Featured Dataset: Foodista

Posted on 07/14/2011 by

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Foodista Logo It’s virtually impossible to feature a dataset about food without immediately thinking of applications (and puns involving forking, mashups of spuds etc…). Today’s ‘set is Foodista, which takes data from the community wiki as a crawl of food, tools and cooking techniques from the site. From the Developer’s Docs, the purpose of this dataset is clear:

The dataset does not currently contain full recipe instructions as this is already well presented on the Foodista website. The priority has been to capture the core data and relationships, e.g. individual foods, recipes and the ingredients used in specific recipes. This supports using the data to create new discovery and browsing tools, whilst encouraging readers to ultimately access and contribute to the Foodista website itself.

Dataset DiagramExploring the docs a bit further gives us a literal picture of the data model. Using the rather handy dataset diagram (something I’d definitely encourage publishers to think about adding), the relationships between kinds of data are illustrated. We can see how Recipes use Ingredients, for example. The complete docs cover potential uses (bit more on that below), vocabularies used, and information on the data conversion.

If we take a look at Foodista’s SPARQL Endpoint, we can also see that there are a few saved sample queries, covering some applicable searches through the dataset (like finding recipies using specific ingredients). From any SPARQL endpoint, you can create a sample query to give a picture of how you’d see the data being queried. If you want to take it a step further, you can also create a stored SPARQL procedure, which binds the query to a URI and can be accessed via GET requests.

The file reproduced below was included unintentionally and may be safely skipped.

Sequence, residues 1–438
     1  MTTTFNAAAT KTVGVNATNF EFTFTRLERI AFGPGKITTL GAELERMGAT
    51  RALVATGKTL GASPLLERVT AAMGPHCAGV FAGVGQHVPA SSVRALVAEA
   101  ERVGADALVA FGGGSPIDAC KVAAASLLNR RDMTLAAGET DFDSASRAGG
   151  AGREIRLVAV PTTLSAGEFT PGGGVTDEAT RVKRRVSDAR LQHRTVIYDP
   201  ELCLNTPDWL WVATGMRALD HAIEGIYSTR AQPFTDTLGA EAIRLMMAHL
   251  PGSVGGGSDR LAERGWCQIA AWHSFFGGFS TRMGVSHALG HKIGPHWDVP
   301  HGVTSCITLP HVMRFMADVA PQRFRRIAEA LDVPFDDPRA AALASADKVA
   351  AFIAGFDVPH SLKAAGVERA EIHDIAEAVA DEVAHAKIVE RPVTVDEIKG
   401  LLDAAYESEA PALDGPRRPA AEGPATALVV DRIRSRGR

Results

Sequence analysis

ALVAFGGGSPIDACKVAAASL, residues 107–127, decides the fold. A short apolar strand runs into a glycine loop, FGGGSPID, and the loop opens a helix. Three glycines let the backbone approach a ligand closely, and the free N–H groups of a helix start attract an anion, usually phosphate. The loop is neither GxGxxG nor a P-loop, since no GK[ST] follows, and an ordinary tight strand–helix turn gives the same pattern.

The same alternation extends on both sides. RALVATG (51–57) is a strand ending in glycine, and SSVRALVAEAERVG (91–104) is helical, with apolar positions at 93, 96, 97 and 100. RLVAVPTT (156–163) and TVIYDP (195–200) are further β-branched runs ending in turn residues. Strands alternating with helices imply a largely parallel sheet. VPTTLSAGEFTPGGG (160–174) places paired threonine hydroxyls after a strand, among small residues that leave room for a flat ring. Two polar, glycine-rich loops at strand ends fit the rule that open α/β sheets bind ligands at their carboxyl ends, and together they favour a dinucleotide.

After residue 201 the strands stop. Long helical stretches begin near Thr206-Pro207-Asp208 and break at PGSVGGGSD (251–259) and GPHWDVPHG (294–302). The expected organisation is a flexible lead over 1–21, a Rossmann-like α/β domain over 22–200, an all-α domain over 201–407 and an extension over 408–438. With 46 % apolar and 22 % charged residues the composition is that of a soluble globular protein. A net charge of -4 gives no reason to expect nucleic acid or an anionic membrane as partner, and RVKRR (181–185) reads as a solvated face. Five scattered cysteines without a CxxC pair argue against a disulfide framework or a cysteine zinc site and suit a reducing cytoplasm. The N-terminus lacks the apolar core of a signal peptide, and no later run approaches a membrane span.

Stuart Harrison has used the stored procedures to create an API looking for recipes via ingredients. Clicking on the “View configuration” button gives you the query stored:

PREFIX dct: <http://purl.org/dc/terms/>
PREFIX f: <http://linkedrecipes.org/schema/>
PREFIX foaf: <http://xmlns.com/foaf/0.1/>
SELECT ?uri ?title ?recipePage WHERE {
  ?uri a f:Recipe;
       dct:title ?title;
       foaf:isPrimaryTopicOf ?recipePage;
       f:ingredient ?ingredient.
}

Moving on to the applications of food data, Stuart took the sample queries and stored procedures a step further, and created a tool for searching for recipes with ingredients found in your kitchen. If you go to the Recipe Finder(which was put together at Kasabi’s inaugural hackday), you can tell the app what’s in your kitchen, and get some recipes for it. I’ve actually used this to figure out what do do with the random veggies from a delivered farm box. It was handier than googling “kohlrabi recipes,” because I got recipes, not the history of the funny-named turnip.

So, this leaves me with the question: “What else can be built?” When Leigh published the dataset, he listed some potential uses:

  • Creating of a recipe finder application, e.g. for mobile devices
  • Creating a recommendation engine based on relationships between foods and recipes
  • Building a personal recipe or menu manager
  • Widgets for embedding recipes into blogs and websites
  • Linking up other food and recipe information from across the web

So what’s coming next?

Posted in: Datasets